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Facebook apologizes for an error that led to a temporary ban on people


The world’s largest social networking platform Facebook announced its discovery this morning affected 800,000 users by unblocking at least one person from the user ban list for about a week, and explained that it would alert people affected by the error, which ended the ban on previously banned people Within the user accounts, the company said the error was active between May 29 and June 5.

She explained Erin Egan, Privacy is responsible in the Facebook problem through publication, saying: “Some of blocked users could not see by the person who block them, but they had seen things share this person with a wider audience , such as images that have been shared with friends of friends, We know that the ability to ban someone is important for users, and we would like to apologize and explain what happened.”

According to the platform, the error did not re-establish the friendship between any affected users and blocked users, but blocked users may be able to resubmit their friendship requests if they notice that their ban has been suddenly unblocked. Irene Egan also confirmed that users who have been blocked may be able to Send messages via Messenger to people they do not want to interact with at all.

According to Facebook data, 85 percent of people have at least one person on the ban list. Their ban has been suspended because of the error. The problem has now been fixed and everyone has been banned again. The affected people will receive a Facebook alert encouraging them to check the ban list.

Eran Egan says that banning across the platform not only targets people whose posts are disturbing, but also aims to prevent harassment, bullying and any other abusive and disruptive behavior of online interaction and communication. The impact of the error is limited as it has affected very few base Facebook users of 2.2 billion.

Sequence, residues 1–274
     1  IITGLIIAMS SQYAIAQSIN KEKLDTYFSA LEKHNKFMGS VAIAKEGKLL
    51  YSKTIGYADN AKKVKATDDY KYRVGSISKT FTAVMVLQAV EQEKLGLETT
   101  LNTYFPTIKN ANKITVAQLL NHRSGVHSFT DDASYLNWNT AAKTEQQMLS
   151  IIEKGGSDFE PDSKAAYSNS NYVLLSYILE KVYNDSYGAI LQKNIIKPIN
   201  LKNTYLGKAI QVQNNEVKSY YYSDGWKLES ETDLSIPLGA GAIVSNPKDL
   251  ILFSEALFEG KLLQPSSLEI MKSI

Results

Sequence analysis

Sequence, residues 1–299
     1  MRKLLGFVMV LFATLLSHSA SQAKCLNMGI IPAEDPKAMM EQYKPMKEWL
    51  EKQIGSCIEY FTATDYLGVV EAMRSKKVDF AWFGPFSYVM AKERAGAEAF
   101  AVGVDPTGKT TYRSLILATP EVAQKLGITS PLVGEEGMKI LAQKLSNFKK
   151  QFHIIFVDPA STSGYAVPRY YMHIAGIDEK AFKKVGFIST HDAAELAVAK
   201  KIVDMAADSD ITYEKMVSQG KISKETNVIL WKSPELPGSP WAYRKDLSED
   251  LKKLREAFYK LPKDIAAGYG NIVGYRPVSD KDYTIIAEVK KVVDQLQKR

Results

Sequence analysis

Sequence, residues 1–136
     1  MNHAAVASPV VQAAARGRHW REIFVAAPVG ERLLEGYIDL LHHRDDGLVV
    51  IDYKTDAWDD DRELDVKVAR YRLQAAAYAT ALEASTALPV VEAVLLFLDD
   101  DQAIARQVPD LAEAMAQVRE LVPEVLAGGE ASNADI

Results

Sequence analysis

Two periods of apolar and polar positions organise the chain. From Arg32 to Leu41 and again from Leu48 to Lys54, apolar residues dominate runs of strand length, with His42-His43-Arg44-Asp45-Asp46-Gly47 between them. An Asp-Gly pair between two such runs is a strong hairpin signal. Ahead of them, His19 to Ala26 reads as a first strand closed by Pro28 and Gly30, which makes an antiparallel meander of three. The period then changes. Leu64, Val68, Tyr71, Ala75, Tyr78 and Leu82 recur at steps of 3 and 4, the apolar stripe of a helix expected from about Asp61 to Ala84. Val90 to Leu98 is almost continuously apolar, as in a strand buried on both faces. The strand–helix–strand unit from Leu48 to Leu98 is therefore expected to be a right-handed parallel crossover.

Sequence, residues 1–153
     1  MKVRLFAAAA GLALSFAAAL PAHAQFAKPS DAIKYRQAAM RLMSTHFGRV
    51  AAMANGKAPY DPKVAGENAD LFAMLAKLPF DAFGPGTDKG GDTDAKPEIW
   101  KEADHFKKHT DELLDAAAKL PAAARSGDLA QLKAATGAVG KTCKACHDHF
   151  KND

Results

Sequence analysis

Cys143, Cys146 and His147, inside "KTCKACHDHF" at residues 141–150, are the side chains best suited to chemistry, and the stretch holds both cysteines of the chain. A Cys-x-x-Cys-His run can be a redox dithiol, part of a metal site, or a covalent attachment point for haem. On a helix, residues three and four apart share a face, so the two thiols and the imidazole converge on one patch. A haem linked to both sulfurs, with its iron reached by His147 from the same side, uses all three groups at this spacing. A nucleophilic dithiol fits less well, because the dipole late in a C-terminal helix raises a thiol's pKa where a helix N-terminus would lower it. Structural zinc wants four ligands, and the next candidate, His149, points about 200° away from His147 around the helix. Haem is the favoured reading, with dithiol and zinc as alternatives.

The Facebook platform initially declined to provide a concrete explanation of how the error occurred and why it lasted for about one week, but later responded through its official account on the Twitter microblogging platform with a more detailed explanation of how the so-called “related links” See posts and actions that these users can take on those posts that were accidentally deleted.

The error was the second social network error in less than a month. Earlier in June, the platform detected a software problem affecting 14 million users and changed some privacy settings related to user publications, This vulnerability changed the privacy settings of publications, and instead of being limited to friends, it became visible to all people.

According to the information, the software error that caused some privacy settings to be changed was due to a new Facebook tool called “Featured Items” that highlights the images and other content in the user profile. These features are visible to all Facebook users, The platform has inadvertently expanded the settings of this tool to include all new posts for those users.

Facebook is clearly listening to suggestions for greater transparency on its products and privacy settings, especially in the event of problems, and plans to show more of these alerts to be clear and explicit with its users about any other privacy problem you may discover in the future. With privacy features to keep people posted.

Over the past few months, Facebook executives have been forced to apologize repeatedly to users for not protecting their privacy after the news of the Cambridge Data Analytics scandal and data from more than 87 million people, as well as information about the platform giving mobile phone makers, Including Apple, Samsung and Huawei, have access to Facebook user data and friends.